Harford's economic development director didn't violate financial disclosure laws last summer by failing to list $207,000 in lien judgments against him on a financial statement.
But such disclosures wouldbe required in the future, if a new ethics law proposed by the County Council president, Jeffrey D. Wilson, is adopted.
Wilson circulated a draft bill among county officials for their comment last week, but has not formally introduced the legislation to the council for consideration.
Wilson's proposal also would changethe definition of family listed in the ethics law, said James Vannoy, legislative aide to the council.
Vannoy said that change was prompted by controversy over several council votes last year on a rubblefill proposal made by Richard D. Schafer, son of former county Councilman John D. Schafer, D-District C.
The councilman abstained fromsome -- but not all -- of the council votes related to the rubble fill. However, the councilman was not in violation of the county's ethics law on the occasions he did vote on matters related to the rubble fill proposal because his son Richard is not a dependent. "Right now,you can't vote on any matter when a family member is involved, and family members are defined as spouses and dependent children," said Vannoy. "The draft bill would define families members as all children, whether dependent or not, parents, spouses, brothers and sisters, andthe children, parents, brothers and sisters of a spouse."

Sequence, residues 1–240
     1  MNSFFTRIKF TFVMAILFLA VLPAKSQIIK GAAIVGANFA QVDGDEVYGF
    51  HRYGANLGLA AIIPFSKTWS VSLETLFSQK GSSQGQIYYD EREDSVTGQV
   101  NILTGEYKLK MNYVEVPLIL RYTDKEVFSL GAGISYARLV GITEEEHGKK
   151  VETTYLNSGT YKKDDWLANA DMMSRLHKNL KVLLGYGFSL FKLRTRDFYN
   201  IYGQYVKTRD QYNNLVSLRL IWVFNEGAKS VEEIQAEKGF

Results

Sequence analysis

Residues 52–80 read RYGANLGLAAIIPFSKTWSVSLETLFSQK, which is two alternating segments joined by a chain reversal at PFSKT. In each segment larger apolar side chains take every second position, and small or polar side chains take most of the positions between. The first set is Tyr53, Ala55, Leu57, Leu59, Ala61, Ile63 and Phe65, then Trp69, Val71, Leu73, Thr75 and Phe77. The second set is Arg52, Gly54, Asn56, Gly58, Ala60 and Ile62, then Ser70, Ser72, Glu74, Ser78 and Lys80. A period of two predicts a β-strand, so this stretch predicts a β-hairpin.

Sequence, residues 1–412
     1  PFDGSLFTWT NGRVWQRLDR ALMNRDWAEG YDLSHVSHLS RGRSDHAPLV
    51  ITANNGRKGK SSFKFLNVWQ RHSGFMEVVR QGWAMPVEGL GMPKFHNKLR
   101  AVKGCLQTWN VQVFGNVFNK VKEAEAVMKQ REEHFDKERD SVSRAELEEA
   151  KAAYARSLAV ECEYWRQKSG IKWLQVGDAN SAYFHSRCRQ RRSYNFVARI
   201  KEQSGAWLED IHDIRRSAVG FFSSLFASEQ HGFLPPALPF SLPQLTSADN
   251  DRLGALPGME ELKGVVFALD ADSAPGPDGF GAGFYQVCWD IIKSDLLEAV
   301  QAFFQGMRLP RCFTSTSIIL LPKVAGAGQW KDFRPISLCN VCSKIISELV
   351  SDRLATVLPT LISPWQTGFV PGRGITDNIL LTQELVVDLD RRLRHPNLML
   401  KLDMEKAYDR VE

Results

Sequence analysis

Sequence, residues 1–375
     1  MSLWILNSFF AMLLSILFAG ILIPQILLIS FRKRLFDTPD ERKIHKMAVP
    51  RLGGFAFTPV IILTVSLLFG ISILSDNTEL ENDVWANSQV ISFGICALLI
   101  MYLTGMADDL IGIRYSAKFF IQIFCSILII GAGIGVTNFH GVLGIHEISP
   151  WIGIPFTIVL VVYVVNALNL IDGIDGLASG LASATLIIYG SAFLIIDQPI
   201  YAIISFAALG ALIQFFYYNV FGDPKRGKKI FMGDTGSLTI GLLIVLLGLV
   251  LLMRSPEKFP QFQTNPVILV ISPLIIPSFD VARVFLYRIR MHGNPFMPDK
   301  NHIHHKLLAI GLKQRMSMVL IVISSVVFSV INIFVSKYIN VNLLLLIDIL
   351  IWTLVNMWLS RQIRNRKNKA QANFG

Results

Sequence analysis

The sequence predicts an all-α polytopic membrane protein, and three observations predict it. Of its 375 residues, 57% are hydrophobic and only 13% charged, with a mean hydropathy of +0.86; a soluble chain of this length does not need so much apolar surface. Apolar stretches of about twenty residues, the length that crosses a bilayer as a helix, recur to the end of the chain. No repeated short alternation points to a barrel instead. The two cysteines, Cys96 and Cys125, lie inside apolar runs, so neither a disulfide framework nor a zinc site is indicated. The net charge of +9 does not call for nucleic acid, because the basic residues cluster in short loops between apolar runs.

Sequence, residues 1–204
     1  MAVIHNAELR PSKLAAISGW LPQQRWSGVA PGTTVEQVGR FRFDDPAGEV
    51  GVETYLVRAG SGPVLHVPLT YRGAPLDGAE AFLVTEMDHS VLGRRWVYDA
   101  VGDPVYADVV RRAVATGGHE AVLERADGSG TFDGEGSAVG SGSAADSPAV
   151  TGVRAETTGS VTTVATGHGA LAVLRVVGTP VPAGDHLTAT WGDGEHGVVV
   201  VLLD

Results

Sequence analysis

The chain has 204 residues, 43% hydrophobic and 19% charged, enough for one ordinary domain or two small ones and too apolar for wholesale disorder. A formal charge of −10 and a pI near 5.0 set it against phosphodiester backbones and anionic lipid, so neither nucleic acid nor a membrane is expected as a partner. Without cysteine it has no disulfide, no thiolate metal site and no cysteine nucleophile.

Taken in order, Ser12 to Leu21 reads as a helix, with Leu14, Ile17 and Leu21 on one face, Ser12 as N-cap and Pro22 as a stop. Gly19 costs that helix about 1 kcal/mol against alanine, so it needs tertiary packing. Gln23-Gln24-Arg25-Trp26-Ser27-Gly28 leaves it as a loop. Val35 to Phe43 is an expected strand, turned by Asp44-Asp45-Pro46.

Other proposed changes in Wilson's draft bill:
* Elected officials could not accept meals from lobbyists.
* The council attorney would no longer be required to give 10 weeks notice before taking a county official to court over a conflict of interest.
* Financial disclosure statements would be kept on record for four years, instead of two years.
* The council would have to vote each year to set limits on the value of gifts that could be accepted without conflict.